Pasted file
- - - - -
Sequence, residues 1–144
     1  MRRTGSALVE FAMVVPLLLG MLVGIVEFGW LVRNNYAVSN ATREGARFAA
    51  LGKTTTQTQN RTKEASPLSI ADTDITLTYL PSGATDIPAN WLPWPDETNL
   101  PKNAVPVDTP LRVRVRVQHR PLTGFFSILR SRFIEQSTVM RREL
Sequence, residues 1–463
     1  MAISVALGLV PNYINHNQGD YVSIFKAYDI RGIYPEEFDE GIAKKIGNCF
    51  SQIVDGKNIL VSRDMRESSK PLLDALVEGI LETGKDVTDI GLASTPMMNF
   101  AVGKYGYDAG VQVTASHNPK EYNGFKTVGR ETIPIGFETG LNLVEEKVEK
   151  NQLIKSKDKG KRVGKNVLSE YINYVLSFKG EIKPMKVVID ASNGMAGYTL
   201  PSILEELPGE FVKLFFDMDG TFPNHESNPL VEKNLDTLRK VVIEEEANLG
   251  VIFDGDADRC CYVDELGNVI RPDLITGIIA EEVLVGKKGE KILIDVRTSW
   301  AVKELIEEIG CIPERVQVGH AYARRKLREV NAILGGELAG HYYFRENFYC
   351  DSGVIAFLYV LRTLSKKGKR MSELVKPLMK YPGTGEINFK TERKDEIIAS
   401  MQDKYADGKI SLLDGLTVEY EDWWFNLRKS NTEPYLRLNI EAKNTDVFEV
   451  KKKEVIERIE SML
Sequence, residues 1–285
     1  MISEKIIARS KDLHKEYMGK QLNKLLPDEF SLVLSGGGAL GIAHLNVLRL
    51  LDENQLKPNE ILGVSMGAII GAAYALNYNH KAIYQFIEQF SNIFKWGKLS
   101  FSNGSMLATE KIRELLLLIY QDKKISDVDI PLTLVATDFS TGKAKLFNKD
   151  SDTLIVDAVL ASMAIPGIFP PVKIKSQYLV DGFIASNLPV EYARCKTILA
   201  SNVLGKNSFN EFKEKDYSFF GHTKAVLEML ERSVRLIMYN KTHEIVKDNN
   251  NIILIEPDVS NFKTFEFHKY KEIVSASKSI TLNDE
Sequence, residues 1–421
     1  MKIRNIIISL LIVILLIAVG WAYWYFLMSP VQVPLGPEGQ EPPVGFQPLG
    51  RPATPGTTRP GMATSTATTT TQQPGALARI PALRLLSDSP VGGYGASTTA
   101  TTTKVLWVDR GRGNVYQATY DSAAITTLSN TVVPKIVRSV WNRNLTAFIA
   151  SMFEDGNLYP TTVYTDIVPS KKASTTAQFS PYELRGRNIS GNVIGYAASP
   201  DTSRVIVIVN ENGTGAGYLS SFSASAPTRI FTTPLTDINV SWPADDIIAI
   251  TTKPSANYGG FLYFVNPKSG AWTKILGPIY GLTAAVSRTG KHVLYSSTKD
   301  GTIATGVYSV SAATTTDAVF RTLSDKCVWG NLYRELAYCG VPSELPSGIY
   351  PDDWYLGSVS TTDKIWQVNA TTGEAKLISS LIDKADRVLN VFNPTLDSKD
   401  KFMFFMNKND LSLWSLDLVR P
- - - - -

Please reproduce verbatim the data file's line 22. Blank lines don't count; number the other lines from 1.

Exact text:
   251  NIILIEPDVS NFKTFEFHKY KEIVSASKSI TLNDE